• “Family-friendly. AT&T wireless customers on a multiline account can get music how they want, when they want, at a fantastic price.
  • “Unlimited streaming and downloads. AT&T customers with Beats Music get unlimited access to curated music (both streaming and downloaded for offline listening) of the songs, albums and playlists they love to hear, no matter where they are. Five family members can each get their own personal music, on their own personal devices, and create their own playlists. They can continue to access those songs, albums and playlists for as long as they are subscribed to the Beats Music service.
  • “Human-curated content for the ultimate personalization. In addition to the best personalization technology, Beats Music is unique because human experts curate hand-picked songs while streaming to deliver just the right tune at just the right time. Imagine having your playlist created by the top music experts based on your mood or specific moment. Until now, streaming services haven’t delivered this level of personalization with a human touch.”

Mobile Phones

While the number of paying streaming-music customers stood at 29 million last year, the market is projected to reach 191 million worldwide by the 2019, according to ABI Research. The cost of rights, overhead and technology mean services need large numbers of users to be viable.

“No one’s cracked the nut in terms of how to make money,” said Rich Karpinski, a senior analyst with Yankee Group. “Subscription music makes a ton of sense, but it’s a big land change for consumers in terms of understanding advantages to paying for it.”

Spotify, the Stockholm-based streaming leader, has lost $200 million since its founding in 2006, according to an October estimate from PrivCo, a researcher that follows closely held companies.

As with Spotify, Beats Music will allow subscribers to search and play music, as well as create and share playlists. Users can save unlimited tracks on mobile devices and computers, accessible as long as the subscription is current.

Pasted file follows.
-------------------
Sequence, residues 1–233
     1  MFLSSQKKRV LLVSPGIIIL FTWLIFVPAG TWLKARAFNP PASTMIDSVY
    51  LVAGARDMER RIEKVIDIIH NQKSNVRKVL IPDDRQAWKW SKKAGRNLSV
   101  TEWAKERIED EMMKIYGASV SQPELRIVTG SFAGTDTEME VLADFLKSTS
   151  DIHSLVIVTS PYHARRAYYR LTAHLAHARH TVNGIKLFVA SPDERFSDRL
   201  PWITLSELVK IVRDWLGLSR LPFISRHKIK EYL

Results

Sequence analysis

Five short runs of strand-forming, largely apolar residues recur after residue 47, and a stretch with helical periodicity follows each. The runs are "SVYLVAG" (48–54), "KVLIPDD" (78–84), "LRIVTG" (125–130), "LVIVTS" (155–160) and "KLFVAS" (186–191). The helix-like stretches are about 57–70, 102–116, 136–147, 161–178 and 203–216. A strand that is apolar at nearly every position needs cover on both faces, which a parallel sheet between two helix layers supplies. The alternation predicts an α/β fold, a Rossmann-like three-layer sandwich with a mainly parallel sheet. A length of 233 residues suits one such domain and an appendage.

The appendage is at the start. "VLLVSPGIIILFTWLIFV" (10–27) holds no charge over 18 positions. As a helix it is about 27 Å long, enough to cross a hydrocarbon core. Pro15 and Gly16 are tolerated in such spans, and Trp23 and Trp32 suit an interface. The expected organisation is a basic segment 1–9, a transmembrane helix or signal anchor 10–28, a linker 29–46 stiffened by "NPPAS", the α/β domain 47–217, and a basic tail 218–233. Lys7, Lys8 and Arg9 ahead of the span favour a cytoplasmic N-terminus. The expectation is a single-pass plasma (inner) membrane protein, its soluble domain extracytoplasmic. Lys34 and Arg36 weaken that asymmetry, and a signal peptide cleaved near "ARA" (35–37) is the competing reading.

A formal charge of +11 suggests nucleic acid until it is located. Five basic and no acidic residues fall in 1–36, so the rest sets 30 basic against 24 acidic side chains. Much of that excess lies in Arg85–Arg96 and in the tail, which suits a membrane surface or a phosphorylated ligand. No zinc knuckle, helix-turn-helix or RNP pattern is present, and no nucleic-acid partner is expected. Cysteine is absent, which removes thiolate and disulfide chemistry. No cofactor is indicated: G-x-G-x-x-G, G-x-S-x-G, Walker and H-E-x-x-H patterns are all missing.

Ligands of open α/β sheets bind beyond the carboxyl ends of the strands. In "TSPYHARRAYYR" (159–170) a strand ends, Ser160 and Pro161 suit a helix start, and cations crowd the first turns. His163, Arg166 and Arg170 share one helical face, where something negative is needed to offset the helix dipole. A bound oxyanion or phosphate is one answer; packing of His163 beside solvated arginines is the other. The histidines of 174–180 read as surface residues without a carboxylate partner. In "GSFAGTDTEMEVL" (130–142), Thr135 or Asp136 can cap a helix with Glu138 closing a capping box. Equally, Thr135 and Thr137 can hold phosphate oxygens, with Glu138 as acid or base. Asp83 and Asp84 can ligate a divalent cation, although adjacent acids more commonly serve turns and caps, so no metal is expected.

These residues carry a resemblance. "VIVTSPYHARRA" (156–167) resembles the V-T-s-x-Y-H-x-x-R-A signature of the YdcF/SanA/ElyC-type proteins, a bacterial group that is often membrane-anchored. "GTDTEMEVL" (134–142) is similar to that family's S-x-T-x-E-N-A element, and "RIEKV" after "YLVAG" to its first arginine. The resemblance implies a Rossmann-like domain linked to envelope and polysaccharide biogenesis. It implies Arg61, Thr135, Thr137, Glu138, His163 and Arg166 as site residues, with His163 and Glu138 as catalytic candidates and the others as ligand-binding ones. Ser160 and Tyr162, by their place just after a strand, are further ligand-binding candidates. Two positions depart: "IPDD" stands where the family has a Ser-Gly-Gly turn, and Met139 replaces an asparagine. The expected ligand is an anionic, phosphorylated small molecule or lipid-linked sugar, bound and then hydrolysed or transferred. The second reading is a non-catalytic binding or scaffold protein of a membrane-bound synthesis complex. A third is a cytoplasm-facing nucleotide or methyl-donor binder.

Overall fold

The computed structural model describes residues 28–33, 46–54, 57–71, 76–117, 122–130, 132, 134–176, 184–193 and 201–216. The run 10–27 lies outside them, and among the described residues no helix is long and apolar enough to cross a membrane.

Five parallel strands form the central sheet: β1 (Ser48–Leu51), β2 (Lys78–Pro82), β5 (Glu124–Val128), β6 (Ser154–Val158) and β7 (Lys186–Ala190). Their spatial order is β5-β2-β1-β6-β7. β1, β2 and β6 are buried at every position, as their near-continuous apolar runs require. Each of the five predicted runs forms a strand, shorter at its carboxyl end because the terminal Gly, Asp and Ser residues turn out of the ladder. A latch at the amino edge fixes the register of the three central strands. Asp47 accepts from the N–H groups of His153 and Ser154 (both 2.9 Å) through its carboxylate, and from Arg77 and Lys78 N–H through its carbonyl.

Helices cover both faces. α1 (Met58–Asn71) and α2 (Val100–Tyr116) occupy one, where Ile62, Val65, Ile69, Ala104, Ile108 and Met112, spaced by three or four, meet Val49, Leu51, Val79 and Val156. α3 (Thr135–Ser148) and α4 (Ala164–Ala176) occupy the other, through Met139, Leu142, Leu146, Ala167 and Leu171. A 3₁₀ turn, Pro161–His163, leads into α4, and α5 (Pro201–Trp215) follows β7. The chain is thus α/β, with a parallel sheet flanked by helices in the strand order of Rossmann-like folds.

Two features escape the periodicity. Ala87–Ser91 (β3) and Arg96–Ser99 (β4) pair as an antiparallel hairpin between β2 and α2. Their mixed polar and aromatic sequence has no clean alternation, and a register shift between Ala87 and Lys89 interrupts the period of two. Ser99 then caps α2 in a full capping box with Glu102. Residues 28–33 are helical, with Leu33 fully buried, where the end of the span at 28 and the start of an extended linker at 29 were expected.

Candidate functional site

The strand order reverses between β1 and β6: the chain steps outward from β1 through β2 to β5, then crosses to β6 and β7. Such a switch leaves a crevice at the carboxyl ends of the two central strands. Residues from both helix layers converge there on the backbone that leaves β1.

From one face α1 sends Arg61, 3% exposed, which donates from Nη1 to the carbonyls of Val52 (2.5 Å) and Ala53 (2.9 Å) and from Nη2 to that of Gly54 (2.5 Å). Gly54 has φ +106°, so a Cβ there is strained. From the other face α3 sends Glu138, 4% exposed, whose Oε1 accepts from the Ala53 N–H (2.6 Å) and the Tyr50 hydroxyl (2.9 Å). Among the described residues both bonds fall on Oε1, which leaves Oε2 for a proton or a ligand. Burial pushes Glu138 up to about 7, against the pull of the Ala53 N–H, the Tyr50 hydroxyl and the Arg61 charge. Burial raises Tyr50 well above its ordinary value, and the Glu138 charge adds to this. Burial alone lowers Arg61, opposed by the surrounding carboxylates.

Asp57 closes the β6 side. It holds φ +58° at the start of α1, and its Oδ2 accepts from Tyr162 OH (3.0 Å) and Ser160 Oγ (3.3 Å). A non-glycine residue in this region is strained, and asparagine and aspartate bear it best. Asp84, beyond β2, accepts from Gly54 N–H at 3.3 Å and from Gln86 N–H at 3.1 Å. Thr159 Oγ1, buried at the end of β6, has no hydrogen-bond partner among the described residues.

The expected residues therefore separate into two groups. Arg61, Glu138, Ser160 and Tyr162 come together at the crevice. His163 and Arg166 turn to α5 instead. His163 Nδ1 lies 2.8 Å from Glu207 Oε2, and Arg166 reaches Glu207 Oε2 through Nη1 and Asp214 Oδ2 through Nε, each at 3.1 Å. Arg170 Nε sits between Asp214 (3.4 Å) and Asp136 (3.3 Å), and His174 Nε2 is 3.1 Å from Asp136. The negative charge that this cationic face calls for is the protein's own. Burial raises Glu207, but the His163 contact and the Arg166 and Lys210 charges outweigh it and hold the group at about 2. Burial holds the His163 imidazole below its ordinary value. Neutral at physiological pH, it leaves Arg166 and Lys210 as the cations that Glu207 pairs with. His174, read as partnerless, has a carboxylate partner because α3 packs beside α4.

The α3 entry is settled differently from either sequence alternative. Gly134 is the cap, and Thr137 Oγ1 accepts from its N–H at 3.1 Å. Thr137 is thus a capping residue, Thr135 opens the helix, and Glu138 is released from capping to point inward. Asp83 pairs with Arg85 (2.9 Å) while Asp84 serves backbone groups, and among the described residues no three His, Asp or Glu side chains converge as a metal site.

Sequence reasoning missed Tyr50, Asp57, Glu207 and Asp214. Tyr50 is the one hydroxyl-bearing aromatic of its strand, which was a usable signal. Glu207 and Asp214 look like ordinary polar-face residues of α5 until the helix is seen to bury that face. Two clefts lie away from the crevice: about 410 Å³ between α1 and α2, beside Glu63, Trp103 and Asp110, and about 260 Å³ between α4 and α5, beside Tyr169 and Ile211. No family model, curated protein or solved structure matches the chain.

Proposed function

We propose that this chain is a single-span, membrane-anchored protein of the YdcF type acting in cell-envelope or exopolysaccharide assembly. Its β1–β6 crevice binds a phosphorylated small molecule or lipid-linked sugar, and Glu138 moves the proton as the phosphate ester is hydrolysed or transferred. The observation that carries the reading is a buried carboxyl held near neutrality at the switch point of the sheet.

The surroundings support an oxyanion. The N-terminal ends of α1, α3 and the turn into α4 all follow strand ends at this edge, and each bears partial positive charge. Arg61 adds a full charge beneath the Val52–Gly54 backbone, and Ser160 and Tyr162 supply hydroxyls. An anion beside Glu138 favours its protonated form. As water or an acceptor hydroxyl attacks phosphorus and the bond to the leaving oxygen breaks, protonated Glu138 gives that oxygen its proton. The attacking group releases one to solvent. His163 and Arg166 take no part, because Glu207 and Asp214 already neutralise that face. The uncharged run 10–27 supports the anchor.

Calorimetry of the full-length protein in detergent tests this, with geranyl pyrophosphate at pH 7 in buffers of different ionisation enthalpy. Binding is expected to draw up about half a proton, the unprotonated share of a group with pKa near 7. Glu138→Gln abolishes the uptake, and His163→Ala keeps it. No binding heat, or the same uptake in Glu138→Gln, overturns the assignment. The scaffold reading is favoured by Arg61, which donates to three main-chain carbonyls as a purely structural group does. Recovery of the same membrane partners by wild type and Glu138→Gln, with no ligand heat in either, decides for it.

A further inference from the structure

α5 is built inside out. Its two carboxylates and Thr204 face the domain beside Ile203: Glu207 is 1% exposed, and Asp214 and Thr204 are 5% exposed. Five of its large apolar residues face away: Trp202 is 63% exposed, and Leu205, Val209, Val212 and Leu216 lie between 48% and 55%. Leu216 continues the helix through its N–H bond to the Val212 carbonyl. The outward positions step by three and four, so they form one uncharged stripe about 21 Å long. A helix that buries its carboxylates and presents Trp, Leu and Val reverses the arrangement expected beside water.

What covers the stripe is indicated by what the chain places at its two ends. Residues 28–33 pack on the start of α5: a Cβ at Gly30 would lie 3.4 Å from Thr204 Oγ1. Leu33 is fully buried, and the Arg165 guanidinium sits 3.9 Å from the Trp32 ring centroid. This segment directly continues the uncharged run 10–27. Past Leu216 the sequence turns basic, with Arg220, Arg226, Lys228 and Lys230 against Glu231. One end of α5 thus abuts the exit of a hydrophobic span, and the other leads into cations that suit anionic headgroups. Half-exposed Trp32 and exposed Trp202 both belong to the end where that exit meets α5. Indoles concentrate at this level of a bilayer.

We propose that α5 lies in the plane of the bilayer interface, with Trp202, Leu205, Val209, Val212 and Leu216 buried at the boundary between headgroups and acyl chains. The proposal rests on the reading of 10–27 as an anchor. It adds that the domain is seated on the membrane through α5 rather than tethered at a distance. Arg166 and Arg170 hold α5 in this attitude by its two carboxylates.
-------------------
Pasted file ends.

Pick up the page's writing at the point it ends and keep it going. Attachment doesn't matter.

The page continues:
Celebrity Friends

Iovine, the record producer and music executive, and Dr. Dre, the rap star born Andre Young, marshaled their celebrity friends to position headphones from Beats Electronics as something more than run-of-the-mill audio gear.

With bass-thumping sound technology and a prominent circular design, the company attracted young consumers willing to pay $299 for the latest in hip, gaining a 65 percent share of the headphone market, according to researcher IDC. Dre and Iovine expanded into computers made by Hewlett-Packard Co., automotive sound systems and smartphones created by HTC Corp., which took a stake in Beats Electronics that it later sold back to the company.

To parlay their brand position into streaming, Iovine and Dr. Dre plan a major marketing campaign to highlight how the service differs from others. Beats Music will run an ad in the Super Bowl, the New York Post reported. A 30-second spot during the Feb. 2 telecast on Fox costs an average of $4 million, according to Kantar Media.

“Beats is not only a billion-dollar headphone company but a brand that means premium audio,” Rogers said. “It’s not about delivering more tracks. We want to start to answer the question of, what should I listen to?”

The partnership with Dallas-based AT&T may lead to additional partnerships in which artists sponsor mobile streaming of their latest tracks, eliminating concerns over exceeding monthly data plans, Yankee Group’s Karpinski said.

“You can be really creative in how you present music and create a way in which both sides, the carrier and the service, can attract and retain customers,” Karpinski said.